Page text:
Text Based Tutorials

Both of the options above are not free, s0 if you are interested in learning Swift, but not spending the money, there are a couple options. For instance, there are some just text tutorials that you can read through and practice to. Swift Tutorial – A Quick Start and An Absolute Beginners Guide To Swift by Amit Bijlani, of Team Treehouse, are both examples of medium sized articles you can read to learn the language to start. But, if you really want to get deeper into the language, you will need to pay some amount.

A helpful that may be useful for the time you don’t want to pay is SoSoSwift, which takes articles from around the web about how to learn Swift and brings them together in one website for you to look through. Although this is an option, I would highly recommend the video courses, especially Team Treehouse, if you will actually want to start programming real apps.

And of course, if you would really like to go basic, you can always read Apple’s basic Swift manual, on their developer site here.



FastNews: Flappy Bird Recreated Using Swift In a Day


It was bound to happen. After Apple’s release of Swift, their new programming language, the whole developer world was turned on it’s side. Along with the release, a book on how to learn Swift was put in iBooks, and it’s no doubt that all the Apple developers are scrambling to learn it. After all, the language was made to be Objective-C, Apple’s now old language for making iOS and OS X apps, without the C, which slows the coding down. This could really speed up the coding process, and make the developer’s lives easier.


So, as a test, the Github user fullstackio made their own Swift version of a already simple game. You guessed it, Flappy Bird. Obviously, since this code is new and the developer behind FlappySwift barely had time to learn it, the bounding of the bird is a bit rigged, but I’m sure with more experience and expertise, it will be polished off. FlappySwift is just one example of what can be made with Swift, and gues what. It was made in a day. After all, the WWDC was yesterday morning. This just proves the speed of Swift, but next time, to all you developers out there, make something useful.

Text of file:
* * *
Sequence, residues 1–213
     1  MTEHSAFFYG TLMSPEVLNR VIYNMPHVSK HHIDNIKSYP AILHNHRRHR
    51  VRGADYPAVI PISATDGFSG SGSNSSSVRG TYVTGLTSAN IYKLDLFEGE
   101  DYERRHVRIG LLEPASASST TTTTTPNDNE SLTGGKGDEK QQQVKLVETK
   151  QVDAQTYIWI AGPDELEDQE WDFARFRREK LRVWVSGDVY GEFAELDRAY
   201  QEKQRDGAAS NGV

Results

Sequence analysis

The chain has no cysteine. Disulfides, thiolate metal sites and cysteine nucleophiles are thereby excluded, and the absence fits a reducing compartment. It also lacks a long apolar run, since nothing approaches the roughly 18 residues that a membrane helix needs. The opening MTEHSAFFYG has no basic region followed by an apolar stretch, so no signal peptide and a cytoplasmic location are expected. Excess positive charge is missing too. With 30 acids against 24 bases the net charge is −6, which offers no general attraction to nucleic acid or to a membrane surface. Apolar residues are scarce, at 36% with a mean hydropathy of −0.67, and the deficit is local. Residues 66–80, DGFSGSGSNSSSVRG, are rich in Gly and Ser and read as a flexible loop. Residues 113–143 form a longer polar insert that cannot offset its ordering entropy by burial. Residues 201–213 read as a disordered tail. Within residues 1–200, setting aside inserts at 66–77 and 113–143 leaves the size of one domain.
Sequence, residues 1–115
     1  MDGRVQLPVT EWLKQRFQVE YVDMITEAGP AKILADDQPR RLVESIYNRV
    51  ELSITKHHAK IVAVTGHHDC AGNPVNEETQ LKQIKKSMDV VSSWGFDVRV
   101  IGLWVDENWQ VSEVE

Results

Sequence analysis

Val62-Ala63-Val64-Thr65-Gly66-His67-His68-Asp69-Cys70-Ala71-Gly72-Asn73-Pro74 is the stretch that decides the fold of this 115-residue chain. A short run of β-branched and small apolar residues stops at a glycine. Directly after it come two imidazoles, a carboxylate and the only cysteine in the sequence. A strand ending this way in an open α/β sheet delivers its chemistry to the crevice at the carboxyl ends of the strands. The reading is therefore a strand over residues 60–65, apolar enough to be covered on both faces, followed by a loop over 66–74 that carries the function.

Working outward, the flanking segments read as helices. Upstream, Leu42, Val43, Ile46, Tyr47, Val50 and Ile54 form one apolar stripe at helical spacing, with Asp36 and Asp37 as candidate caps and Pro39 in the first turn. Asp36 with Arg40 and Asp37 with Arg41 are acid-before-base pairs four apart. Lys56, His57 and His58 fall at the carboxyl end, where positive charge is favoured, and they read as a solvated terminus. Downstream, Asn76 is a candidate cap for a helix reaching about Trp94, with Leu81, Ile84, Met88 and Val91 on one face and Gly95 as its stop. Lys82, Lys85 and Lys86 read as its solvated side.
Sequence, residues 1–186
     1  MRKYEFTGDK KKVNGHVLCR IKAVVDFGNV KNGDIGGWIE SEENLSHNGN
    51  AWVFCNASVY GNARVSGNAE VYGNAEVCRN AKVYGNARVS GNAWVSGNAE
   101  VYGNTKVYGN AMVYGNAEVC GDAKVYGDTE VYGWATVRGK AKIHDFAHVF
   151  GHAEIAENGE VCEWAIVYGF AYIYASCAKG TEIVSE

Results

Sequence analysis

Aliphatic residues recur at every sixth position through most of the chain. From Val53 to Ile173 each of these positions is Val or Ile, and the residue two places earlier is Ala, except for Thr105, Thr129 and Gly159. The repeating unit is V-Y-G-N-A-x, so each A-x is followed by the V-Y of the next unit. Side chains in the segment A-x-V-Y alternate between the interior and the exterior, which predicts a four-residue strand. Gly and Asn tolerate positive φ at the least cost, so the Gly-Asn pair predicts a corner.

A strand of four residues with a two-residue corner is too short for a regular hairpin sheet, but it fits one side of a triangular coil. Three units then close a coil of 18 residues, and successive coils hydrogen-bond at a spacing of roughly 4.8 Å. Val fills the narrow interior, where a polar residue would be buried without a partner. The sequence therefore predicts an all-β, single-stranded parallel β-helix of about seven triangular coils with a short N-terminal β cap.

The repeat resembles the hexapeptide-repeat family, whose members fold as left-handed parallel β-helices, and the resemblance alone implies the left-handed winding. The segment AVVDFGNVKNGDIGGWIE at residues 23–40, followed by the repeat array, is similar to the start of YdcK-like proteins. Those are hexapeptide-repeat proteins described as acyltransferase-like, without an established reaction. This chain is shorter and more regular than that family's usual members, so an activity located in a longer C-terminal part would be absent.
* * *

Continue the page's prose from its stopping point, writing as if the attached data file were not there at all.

TOTW: WWDC 2014 Reveiw


The day we all were waiting for has come and gone. Apple’s WWDC keynote speech is over, but the amazing amount of software, new tools and features make it just the beginning. Like expected, iOS 8 and OS X 10.10 Yosemite (yes, it’s called Yosemite),  and I’ll make sure to go over all the changes made to both systems, but, as we predicted, there were some things that NOBODY predicted. Some things that surprised the whole tech world.



The first of which is Swift. Now, what is Swift? Well, in a completely unpredicted and suspenseful manner, Apple announced that they had made a new programming language, made for building iOS and OS X apps. Supposedly, Swift is several times faster than their earlier language, Objective-C. AND by fast, I mean the amount of code to program something in significantly reduced using Swift rather than another language like Objective-C, C or Python. Also, Apple introduced an app called Playground, allowing developers to code in a efficient manner. Playground is not just for coding small, simple projects, it can even produce complex 3D games using the two developer kits Apple released, Spritekit for 2D games and Scenekit for 3D.

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That alone is incredible. Not only is it very rare that a big company like Apple makes their own language, but that it is many times faster that any other language is many departments is great. I promise you, every Apple developer will be spending every waking hour learning and testing Swift. If you are that kind of developer, Apple even made a learning guide on iBooks, which you can buy HERE.